Five reasons to buy local

Lots of us are buying local these days, purchasing food from nearby farms and shopping in town rather than heading out to the mall. There seems to be a gut-level sense that buying from local businesses is the right thing to do, helping us eat healthier and perhaps even keep local businesses going during this fragile economy. But exactly what are we accomplishing with this form of localism? – Read more

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A Green (silver) lining?

The latter part of 2008 marked the beginning of the economic downturn. But was it also the dawn of something more positive? There’s growing evidence to suggest that just as the economy was cooling, demand for all things green-sustainable-and-local was heating up, taking a trend long in the making to a whole new level of success. – Read more

Fresh food

One manifestation of localism that clearly has taken off in the past few years is “locavorism.” The local food movement seems to be flourishing wherever there are affluent, discerning consumers, adventurous chefs and an ample supply of smallish, family-owned farms committed to diversified crops (and/or livestock) and direct-to-consumer marketing. – Read more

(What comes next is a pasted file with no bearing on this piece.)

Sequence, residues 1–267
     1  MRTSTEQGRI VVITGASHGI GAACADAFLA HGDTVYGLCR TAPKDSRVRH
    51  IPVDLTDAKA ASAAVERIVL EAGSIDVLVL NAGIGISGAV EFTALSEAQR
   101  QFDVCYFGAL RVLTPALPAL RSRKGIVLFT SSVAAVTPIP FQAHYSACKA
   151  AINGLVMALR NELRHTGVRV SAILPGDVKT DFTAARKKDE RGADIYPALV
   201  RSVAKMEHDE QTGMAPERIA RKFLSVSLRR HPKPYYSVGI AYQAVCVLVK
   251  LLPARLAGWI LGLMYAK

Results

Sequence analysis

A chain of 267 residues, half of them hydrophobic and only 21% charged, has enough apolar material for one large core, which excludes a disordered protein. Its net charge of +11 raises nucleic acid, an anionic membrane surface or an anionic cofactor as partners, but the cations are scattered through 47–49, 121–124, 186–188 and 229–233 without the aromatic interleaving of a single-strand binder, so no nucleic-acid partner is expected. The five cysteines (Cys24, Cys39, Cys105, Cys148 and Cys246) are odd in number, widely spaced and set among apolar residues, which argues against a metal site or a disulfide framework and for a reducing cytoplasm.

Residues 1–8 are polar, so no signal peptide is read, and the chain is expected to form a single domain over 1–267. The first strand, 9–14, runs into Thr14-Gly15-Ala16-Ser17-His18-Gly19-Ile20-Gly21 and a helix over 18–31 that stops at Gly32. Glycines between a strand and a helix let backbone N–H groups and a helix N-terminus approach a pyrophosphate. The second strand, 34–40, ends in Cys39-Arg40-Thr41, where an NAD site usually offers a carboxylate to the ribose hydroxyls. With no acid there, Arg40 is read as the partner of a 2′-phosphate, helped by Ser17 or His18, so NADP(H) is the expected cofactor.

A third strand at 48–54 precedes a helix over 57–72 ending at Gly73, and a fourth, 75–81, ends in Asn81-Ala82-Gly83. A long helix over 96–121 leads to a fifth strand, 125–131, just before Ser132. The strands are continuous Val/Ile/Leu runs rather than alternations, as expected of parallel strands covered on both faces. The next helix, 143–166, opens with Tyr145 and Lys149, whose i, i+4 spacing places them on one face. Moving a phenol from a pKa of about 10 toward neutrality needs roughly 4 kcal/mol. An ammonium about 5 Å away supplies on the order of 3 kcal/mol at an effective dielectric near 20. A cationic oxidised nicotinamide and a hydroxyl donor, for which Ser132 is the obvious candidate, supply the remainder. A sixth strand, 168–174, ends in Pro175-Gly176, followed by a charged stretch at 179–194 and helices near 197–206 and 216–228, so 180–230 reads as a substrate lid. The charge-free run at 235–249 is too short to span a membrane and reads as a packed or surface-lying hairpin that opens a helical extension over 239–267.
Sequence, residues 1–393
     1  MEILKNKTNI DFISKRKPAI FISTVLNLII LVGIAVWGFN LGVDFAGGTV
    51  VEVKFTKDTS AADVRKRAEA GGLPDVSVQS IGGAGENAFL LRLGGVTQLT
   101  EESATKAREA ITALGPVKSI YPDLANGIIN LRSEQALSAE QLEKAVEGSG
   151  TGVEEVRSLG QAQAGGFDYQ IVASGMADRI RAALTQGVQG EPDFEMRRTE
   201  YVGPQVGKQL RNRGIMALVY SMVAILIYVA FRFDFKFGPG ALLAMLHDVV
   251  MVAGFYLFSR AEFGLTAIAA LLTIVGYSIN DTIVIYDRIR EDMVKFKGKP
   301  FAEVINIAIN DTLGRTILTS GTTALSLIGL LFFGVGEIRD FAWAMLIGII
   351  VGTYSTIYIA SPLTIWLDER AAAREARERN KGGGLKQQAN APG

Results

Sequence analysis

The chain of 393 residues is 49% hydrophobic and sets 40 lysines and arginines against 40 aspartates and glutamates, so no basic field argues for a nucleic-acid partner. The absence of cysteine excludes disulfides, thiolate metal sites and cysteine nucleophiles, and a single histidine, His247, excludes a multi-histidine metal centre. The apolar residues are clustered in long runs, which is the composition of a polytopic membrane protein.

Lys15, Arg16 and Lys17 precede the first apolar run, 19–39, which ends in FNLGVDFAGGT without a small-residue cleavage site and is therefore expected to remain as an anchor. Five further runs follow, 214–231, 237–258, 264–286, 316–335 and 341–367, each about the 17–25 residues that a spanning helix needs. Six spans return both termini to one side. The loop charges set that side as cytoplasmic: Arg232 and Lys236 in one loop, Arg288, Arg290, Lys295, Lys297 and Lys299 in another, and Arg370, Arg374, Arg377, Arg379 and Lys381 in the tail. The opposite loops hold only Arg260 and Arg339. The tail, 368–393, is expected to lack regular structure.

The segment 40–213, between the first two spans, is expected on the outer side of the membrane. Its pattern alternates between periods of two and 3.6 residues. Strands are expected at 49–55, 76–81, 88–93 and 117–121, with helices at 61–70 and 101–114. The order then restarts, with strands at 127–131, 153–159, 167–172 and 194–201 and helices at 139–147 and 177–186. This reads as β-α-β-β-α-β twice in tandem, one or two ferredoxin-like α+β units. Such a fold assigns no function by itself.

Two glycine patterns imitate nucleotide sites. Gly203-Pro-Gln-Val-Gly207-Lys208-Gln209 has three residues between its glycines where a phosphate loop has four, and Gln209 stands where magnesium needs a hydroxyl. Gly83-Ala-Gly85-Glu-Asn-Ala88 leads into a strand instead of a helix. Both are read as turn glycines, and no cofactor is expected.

Green. Sustainable. Local.

Trees along the Delaware and Raritan near Lamb...

Image via Wikipedia

These words are in danger of overuse (ok, maybe past the danger point). We know what each one means, references, infers. But what if the meaning and intent of all three words were combined? The definition might be: “To live in a manner that helps us sustain ourselves, our environment, our community, by choosing eco-friendly alternatives and supporting the economy in a geographic area that we consider ‘local.'” For lack of a better word, I choose “Fresh” to embody this approach to living. And because I live and work in the Delaware River Valley, the one that encompasses New Hope, PA, Lambertville, NJ, and the other “river towns,” it is this beautiful spot on the planet that comprises my definition of “local.”